“Playing together for the last few years helped us grow a connection with each other. We know where each other is going to go and where to pass to each other; who plays best where.”

—Brittany Fazin

Senior Alexa Wakefield and eighth-grader Hailey Hearney also added goals, before Colucci finished the game with her hat trick goal. While she receives the spotlight for scoring, Colucci said the team atmosphere and her surrounding Royals play major roles in her success.

“I’m playing with 10 other people I grew up playing with,” she said. “We have our own quirky things — our cheers and song for each season. It’s crazy that it’s our last ride, but we’re making memories to last a lifetime.”

Because of their bond and level of play to this point, Yannucci said if the team continues to play like it did in the county title game, they’re going to be back upstate this month. The defense put together another solid showing from the back line, led by senior co-captain Corinne Scannell. Junior goalkeeper Brianna Scarda barely saw any action, and neither did sophomore goalkeeper Sarah Hull in the game against Southold. Each had to make just one save. Despite the score, Brigham made 27 saves for Southold.

Port Jefferson will play in the Long Island championship game Nov. 5. The Royals do not know who their Nassau opponent will be, and the time and place has yet to be announced.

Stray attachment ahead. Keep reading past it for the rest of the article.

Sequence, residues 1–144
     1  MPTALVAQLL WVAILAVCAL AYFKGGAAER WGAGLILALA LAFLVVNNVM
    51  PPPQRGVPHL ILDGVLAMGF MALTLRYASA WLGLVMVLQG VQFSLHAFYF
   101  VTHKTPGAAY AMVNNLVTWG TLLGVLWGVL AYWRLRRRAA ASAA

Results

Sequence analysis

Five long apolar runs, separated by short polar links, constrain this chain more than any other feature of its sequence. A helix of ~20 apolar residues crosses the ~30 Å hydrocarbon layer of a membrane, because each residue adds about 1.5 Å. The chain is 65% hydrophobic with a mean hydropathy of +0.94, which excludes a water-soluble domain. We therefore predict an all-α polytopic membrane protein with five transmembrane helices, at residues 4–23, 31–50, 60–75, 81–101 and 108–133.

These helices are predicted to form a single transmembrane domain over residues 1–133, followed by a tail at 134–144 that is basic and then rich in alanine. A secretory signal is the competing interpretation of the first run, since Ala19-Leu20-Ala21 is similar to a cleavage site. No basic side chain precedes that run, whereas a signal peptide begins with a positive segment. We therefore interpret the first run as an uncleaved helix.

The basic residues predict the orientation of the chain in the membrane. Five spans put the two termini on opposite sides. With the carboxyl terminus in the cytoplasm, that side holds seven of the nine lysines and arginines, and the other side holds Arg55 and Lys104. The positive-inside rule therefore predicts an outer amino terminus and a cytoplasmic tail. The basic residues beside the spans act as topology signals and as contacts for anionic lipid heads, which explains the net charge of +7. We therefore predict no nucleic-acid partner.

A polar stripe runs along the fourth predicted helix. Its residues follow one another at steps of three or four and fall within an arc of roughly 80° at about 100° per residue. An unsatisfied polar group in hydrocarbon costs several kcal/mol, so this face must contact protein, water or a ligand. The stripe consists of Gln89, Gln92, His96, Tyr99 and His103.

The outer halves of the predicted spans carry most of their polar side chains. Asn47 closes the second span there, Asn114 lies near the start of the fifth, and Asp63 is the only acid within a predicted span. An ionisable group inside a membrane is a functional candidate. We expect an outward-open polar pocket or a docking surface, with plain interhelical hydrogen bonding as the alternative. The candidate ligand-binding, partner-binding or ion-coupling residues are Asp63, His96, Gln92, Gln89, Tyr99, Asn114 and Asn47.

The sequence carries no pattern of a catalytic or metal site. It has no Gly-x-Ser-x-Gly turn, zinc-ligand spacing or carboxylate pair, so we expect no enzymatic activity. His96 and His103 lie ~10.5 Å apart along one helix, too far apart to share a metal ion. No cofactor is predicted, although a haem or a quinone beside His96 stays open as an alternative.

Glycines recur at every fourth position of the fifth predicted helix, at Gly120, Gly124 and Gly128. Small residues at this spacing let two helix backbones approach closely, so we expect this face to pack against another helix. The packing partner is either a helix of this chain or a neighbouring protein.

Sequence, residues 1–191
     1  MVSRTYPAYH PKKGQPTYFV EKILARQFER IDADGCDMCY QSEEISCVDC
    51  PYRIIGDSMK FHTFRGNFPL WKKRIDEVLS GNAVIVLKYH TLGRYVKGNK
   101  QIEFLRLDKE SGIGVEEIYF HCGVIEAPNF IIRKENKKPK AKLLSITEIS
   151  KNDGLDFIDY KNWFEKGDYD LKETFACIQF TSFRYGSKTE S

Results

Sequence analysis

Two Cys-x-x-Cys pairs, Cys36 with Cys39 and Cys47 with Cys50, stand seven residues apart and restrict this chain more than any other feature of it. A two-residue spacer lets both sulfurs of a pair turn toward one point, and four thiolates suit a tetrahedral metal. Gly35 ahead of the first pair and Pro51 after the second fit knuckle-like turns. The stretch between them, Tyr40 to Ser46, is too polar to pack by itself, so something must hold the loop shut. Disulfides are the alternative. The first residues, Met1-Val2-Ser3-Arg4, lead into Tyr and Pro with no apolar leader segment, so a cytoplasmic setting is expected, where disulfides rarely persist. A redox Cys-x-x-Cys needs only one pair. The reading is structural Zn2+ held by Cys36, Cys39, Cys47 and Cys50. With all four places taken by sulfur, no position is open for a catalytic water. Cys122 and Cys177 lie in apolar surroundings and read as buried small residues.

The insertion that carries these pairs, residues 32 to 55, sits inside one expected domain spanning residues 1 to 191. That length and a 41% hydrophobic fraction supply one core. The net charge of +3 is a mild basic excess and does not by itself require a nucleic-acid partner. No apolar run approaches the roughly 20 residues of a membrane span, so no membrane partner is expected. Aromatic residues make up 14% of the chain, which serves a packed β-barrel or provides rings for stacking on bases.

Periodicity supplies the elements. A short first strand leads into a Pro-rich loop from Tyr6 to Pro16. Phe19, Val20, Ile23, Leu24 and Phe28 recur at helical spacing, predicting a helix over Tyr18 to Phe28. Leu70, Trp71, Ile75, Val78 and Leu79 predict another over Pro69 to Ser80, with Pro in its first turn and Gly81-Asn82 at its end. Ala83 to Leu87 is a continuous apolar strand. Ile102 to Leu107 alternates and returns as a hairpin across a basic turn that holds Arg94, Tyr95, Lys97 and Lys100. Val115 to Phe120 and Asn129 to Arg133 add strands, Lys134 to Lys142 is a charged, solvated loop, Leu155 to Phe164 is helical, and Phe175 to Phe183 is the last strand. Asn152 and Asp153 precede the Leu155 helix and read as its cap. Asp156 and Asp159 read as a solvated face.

“We’re going to go out hard and never give up, because that’s how Port Jeff plays — we never give up,” Yanucci said, looking ahead to the next round. “These girls are literally my family and I’m going to be so upset when this is all over. I’m just so happy to share this experience with all of my best friends.”

Swords echoed her teammate’s sentiments.

“The pressure is on, but we are a good team,” she said. “This is our final year playing together and if we just keep our heads in the game and put everything we have into it, we’ll go far. This is all so surreal. We’ve become a family over the last three years and to finish it off with a state title is all we want.”

Casey Schmitt dribbles the ball up the field. Photo by Desirée Keegan

The first round of playoffs is a hurdle the Mount Sinai girls’ soccer team hasn’t been able to jump over in some time.

The Mustangs fell to No. 3 Elwood-John Glenn 1-0 last season, and No. 1 Sayville the year prior, 3-0, and despite an 8-3-1 record, didn’t see the postseason the year before that.

Missy Carpenito receives a pass. Photo by Desirée Keegan
Missy Carpenito receives a pass. Photo by Desirée Keegan

This time, the No. 4-seeded senior-laden squad, and more specifically, its three co-captains, had other ideas, and blanked No. 5 visiting Comsewogue 3-0 in the Class A first round Oct. 25.

“We’ve worked so hard to accomplish this goal,” senior outside midfielder Missy Carpenito said. “We finally made it.”

The co-captain was first to light up the scoreboard when she stuffed in a rebound off Comsewogue senior goalkeeper Erica Hickey’s save with just over 17 minutes left in the first half. Sophomore striker Gabby Sartori assisted on the play.

“I saw the ball coming across with the rebound from the goalie, and coach [Courtney Leonard] says to always make that rebound, so I went for it,” Carpenito said.

Leading 1-0 at half time, Mount Sinai’s head coach gave her team the reality check it needed.

“Tighten it up,” Leonard told her girls. “This is possibly the sloppiest game we played all season. They’re winning practically every 50/50 ball. Was that not our goal?”